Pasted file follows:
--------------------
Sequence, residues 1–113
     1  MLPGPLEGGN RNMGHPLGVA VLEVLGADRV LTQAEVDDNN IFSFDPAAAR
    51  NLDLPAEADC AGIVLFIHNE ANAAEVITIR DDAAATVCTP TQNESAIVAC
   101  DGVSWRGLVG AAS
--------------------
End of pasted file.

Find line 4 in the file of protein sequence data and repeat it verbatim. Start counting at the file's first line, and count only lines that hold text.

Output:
   101  DGVSWRGLVG AAS